Governor Terry Branstad says lawmakers must first pass an education reform bill before he’ll consider how much money to spend on K-12 public schools.
“Back in 1992, when we led the nation on student achievement, 37 percent of our General Fund budget was going to pre-K-12 education. It’s now up to 43 percent and we’ve dropped from 1st in the nation to 25th, so obviously just spending more money is not the answer,” Branstad says. “We need to reform the system.”
Democrats say schools have been waiting since last February for lawmakers to set the level of general state aid for the school year that begins this July 1. Yesterday, Senate Democrats said by the end of January they’d vote to boost general state aid to schools by $135 million. Branstad, a Republican, says the “top priority” for legislators should be making changes in the way teachers are compensated and evaluated.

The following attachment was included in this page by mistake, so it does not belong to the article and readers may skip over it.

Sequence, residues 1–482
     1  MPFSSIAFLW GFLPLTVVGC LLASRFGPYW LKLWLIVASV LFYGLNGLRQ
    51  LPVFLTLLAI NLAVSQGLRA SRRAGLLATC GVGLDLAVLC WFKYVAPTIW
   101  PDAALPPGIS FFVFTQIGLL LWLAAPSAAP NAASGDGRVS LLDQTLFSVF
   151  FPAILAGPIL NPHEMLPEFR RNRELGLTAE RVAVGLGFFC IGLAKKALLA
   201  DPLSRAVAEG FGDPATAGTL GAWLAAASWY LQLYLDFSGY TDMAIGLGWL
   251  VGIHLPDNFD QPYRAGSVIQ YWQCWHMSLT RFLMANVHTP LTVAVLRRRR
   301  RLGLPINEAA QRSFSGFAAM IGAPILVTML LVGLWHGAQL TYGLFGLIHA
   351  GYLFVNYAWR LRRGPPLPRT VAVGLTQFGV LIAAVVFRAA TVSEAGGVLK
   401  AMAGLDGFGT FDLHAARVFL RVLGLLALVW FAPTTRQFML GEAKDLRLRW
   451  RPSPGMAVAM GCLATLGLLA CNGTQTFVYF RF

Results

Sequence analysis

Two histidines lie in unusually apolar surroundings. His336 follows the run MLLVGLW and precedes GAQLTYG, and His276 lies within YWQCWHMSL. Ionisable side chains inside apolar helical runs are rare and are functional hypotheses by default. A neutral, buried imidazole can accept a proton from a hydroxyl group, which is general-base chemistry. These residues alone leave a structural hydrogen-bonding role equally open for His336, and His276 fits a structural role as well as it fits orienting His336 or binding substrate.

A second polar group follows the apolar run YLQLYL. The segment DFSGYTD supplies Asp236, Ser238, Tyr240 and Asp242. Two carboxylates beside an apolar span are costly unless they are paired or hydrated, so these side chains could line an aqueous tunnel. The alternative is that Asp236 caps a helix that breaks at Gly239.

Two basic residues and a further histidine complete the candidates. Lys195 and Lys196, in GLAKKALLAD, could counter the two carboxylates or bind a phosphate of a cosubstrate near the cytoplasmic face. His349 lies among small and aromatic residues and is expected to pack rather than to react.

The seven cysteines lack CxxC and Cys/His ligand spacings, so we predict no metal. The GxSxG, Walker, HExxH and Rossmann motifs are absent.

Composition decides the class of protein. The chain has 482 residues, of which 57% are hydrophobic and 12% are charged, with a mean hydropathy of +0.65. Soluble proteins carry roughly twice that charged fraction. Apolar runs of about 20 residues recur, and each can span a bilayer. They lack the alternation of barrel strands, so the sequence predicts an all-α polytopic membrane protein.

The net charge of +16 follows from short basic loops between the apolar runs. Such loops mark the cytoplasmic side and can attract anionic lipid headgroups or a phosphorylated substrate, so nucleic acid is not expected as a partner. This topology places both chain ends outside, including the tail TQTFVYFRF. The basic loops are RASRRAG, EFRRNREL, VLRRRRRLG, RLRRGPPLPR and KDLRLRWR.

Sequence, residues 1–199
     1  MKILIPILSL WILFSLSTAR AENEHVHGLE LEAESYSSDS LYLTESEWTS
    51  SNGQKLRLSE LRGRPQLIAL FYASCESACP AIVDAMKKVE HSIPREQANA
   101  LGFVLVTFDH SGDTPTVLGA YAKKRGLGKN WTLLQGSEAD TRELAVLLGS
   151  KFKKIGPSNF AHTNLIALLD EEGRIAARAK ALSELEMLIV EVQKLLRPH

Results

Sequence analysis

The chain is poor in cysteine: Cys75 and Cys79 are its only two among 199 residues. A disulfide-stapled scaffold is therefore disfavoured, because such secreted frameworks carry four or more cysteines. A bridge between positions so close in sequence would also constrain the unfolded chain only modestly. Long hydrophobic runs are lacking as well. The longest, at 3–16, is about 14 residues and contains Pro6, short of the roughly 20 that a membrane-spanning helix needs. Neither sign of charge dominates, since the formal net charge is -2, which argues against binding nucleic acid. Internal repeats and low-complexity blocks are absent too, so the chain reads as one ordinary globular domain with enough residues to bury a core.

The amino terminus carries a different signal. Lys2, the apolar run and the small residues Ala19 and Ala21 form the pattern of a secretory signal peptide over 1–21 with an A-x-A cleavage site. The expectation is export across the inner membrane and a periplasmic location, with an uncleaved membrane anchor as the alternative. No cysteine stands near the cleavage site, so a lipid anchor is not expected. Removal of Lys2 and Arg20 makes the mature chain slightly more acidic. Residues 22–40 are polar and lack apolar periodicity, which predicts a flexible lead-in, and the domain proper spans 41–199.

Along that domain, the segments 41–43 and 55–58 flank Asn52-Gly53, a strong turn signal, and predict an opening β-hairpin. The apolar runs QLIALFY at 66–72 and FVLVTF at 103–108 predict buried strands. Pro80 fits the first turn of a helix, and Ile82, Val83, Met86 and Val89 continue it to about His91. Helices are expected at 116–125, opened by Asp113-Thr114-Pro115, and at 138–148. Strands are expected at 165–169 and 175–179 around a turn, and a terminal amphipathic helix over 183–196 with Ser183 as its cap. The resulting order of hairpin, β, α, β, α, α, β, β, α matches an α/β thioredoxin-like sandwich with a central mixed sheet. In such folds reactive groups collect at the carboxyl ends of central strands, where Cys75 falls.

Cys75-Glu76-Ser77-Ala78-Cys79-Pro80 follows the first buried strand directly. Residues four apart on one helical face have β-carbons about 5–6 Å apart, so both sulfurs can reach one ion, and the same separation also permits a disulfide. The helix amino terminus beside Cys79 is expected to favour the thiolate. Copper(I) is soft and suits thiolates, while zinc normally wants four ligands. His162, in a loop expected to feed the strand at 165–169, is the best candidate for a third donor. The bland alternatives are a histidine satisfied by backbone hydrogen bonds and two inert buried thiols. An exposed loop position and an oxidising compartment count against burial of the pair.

“Once that’s accomplished, we’re then willing to work with them on the issue of providing them more state aid for schools, in addition to what they do in the education reform,” Branstad says, “but I think reform needs to be the priority and the history of the legislature is they’ll spend all their time fighting over money instead of passing the substantive education reform policies that we need.”
Branstad has called for raising beginning teacher pay to 35-thousand dollars as well as higher pay for veteran teachers who take on more responsibility within their school. Branstad also is recommending changes in teacher and administrator evaluations, to ensure the performance of students is a major consideration. Branstad made his comments this morning during taping of the “Iowa Press” program which airs tonight on Iowa Public Television.